We have been updated with the following which is for your information to help understand new ruling during this time: –
Evictions Under the Coronavirus Act 2020, from 26 March 2020 until 30 September landlords will have to give all renters three months’ notice if they intend to seek possession of the property. When using either Section 8 or Section 21 notices to quit, landlords must give at least three months’ notice before they can apply to the court for possession. This applies regardless of which ground is used for Section 8. Courts
Prescribed Forms The UK Government has changed Form 6A Notice seeking possession of a property let on an Assured Shorthold Tenancy to reflect the change in law under the Coronavirus Act 2020. The Form 6A should be used by landlords in England up to 30 September 2020.
As well as the provisions in the Coronavirus Act 2020 all housing possession cases in the courts have been suspended.
All new or existing claims for possession are suspended for a 90-day period from 27 March 2020.
The legislation covering notice periods is in force until 30 September 2020. It is subject to review and may be extended.
Energy Performance Certificates (EPCs)
The UK Government has released information confirming that the legal requirement to obtain an EPC when letting a property remains in place, but EPC assessments should only be conducted where they can be done in line with the safety guidance relating to Coronavirus.
Where possible delay the EPC assessment until the stay-at home measures to fight Coronavirus are no longer in place.
If it is not possible to delay the assessment, and a valid EPC is not available from the EPC Register, an assessment may need to be carried out.
Where an EPC assessment needs to be carried out, the UK Government’s social distancing measures and guidance for carrying out work in people’s homes must be adhered to.
EPC assessments can continue where a property is empty. Minimum Energy Efficiency Standards (fact sheet available)
The rules were not impacted by COVID-19 and the remaining provisions came into force on 1 April 2020. Since 1 April 2020, the ban on letting properties with an EPC rating of F and G was extended to cover all existing tenancies.
Renters should, as far as possible, delay moving to a new property while emergency measures are in place to fight Coronavirus. If moving is unavoidable for contractual reasons and the parties are unable to reach an agreement to delay, people must follow advice on maintaining social distancing to minimise the spread of Coronavirus.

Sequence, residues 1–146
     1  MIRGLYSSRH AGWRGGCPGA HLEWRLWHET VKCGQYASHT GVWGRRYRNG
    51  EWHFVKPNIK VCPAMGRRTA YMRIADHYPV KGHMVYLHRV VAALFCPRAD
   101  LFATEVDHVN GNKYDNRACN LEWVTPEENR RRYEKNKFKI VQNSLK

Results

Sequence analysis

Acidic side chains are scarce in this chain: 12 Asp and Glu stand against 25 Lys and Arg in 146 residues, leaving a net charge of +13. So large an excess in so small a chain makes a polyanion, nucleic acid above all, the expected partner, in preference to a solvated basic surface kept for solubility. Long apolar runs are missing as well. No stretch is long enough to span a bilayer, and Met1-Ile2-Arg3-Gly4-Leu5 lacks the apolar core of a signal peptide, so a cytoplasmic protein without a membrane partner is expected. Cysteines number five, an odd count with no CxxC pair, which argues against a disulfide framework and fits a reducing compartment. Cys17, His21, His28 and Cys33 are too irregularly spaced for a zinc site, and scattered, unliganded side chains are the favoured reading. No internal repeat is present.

Maintenance and repairs
Landlords’ repair obligations have not changed.
Access to a property is only recommended for serious and urgent issues.
Where reasonable and safe, and in line with other Government guidance, agents should make every effort to review and address issues brought to their attention by tenants and keep records of their efforts.
Gas Safety Certificates
Landlords should make every effort to follow existing gas safety regulations. Where a landlord cannot carry out their obligations, they must demonstrate they have taken all reasonable steps to comply.
Electrical safety Standards.
The rules are still scheduled to come into force for new tenancies from 1 July 2020 and all existing tenancies from 1 April 2021.
Where landlords can show they have taken all reasonable steps to comply with the regulations, they will not be in breach of the rules—this includes a duty to comply with a remedial notice.
Where agents are unable to gain access to a property, agents should document both their efforts to do so and all communication with tenants. Attempts to carry out the work should then start again once social distancing and self-isolation measures have been lifted.
Right to Rent Checks
As of 30 March 2020, the UK Government made temporary changes to ensure that Right to Rent checks continue in line with the Code of Practice – it remains an offence to knowingly rent premises to a person who is not lawfully in the UK.
Checks can be carried out as video calls.
Tenants can send scanned documents or a photo of documents for checks using email or a mobile app, rather than sending originals.
Agents should use the Home Office Landlord’s Checking Service where a tenant cannot provide documents.
Mortgage lenders have agreed to offer payment holidays of up to three months where this is needed due to Coronavirus-related hardship, including for Buy-To-Let mortgages.
The sum owed remains and mortgages continue to accrue interest during this period.
Where a tenant is unable to pay their rent in full the landlord, if they have a mortgage, should discuss this with their lender.